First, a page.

By Michael Atkinson
[Photo: “The Wild Blue Yonder,” 518 Media Inc./Subversive Cinema]
These days, to be a Herzogian a devotee of and eager participant in German master Werner Herzog’s lifelong quest for the mythopoetic image experience is like being a beer-lover during Oktoberfest. This year there were three new films released here (“Grizzly Man,” “The White Diamond,” “Wheel of Time”), revivals of “Aguirre, the Wrath of God” and “Kasper Hauser,” and now two more new movies, each dancing in that no man’s land between documentary and fiction: “Rescue Dawn,” a fictionalized remake of the Herzog doc “Little Dieter Needs to Fly” starring Christian Bale, and “The Wild Blue Yonder,” coming straight to DVD.
The latter film, which has been hitting festivals since last year, is the braver freak-out. A mock-doc in format, but a film that actually finds its strangest epiphanies in genuine non-fiction footage, “Yonder” is science fiction, and not all that different from Herzog’s apocalyptic tone poem “Fata Morgana,” filmed 35 years earlier. We meet Brad Dourif, aged and wild-eyed and pony-tailed, glaring directly into Herzog’s camera from a ghost-town streetcorner, and recounting in a fuming rant the story of his race aliens from the edge of Andromeda who landed here years ago after their world had been ruined, and failed miserably to either establish a cooperative kingdom on Earth or even assimilate. “We suck,” he spits, as he also recounts the parallel story of a human space voyage sent to locate an inhabitable world as ours devolves into polluted chaos. Ironically, the humans locate the alien’s abandoned planet, and explore its murky depths.
The story obviously came second what came first was the unseen, real-world footage illustrating the human sojourn: life aboard the NASA shuttle mission STS-34, sent into orbit in 1989 for purposes of launching the Galileo craft at Jupiter. Here’s Herzog at play in the fields of absurd physics, rapt as the astronauts float in no-gravity space, attend to personal hygiene with surreal difficulty, and sleep strapped to the wall. We’ve seen astronauts floating in spacecraft interiors before, and we’ve seen the epic emptiness of space, but we haven’t seen them until Herzog shows them to us. Along the way he invents alternate poetic stories for their bizarre behavior, all of it attending to the emotional tribulation of space-lost loneliness. The crowning flourish is the arrival at the alien planet: Herzog uses breathtaking footage shot in the waters of the Antarctic to depict a barren, blue world with a liquid atmosphere and a sky of ice. Vital to each of these visual orchestrations is the achingly mournful soundtrack mass, a fugue arranged by Herzog between Dutch jazz cellist Ernst Reijseger, Senegalese vocalist Mola Sylla and a five-man Sardinian shepherd choir. It’s a Herzog thing if you’re fortunate, you’ll understand. The DVD has a making-of featurette and, naturally, a Herzog commentary track.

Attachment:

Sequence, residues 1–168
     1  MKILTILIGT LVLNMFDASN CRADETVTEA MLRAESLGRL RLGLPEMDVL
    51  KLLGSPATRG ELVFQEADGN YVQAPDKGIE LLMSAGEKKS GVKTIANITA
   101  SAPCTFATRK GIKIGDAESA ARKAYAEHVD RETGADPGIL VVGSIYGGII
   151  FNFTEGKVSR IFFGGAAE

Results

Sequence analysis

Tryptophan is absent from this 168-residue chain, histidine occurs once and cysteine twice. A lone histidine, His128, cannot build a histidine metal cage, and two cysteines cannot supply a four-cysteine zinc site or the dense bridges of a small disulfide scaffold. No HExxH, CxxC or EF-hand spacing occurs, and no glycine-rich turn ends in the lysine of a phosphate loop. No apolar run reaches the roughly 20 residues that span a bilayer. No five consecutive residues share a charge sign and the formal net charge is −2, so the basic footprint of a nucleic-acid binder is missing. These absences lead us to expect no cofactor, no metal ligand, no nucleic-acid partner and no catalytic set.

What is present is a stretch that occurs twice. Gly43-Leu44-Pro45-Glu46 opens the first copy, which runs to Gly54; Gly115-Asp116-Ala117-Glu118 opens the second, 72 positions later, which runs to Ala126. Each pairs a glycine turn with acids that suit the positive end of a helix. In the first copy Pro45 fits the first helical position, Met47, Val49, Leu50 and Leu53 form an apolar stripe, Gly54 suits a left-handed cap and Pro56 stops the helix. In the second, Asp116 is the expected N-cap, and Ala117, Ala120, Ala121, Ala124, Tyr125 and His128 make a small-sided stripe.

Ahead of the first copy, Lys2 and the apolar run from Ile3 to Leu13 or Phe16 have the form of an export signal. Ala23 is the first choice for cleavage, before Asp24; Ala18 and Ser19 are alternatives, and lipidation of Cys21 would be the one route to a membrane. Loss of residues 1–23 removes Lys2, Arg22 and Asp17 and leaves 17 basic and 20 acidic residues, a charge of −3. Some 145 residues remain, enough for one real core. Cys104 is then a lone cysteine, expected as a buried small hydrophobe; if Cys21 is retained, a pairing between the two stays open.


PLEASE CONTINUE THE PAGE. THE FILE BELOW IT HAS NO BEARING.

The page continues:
Another kind of German sine qua non G.W. Pabst’s Expressionist landmark “Pandora’s Box” (1929), restored, retitled, polished and retooled for digital eternity in a Criterion package that’ll surely be a holiday-gift ubiquity. A brooding whorl of shadow, menace and sexual manipulation based on Wedekind’s stories, Pabst’s film introduced and for the most part epitomized Louise Brooks, who as a man-eating Berlin prostitute immediately became one of cinema’s most enduring icons. (That black bob wig still shows up in films, whenever a female character is masquerading as a demimondaine.) From society-skewering slut-triumph to bad date with Jack the Ripper, Brooks’ Lulu may be a femme fatale paradigm, but Brooks herself remains one of the most mesmerizing not merely beautiful actresses to ever meet celluloid. To see her is to experience movies almost on a chemical level. Criterion’s package includes four different musical scores, two documentaries about Brooks, interviews, commentaries and essays by Kenneth Tynan and J. Hoberman.
“The Wild Blue Yonder” (Subversive Cinema) was released on DVD November 14th; “Pandora’s Box” (Criterion) will be available on DVD on November 28th.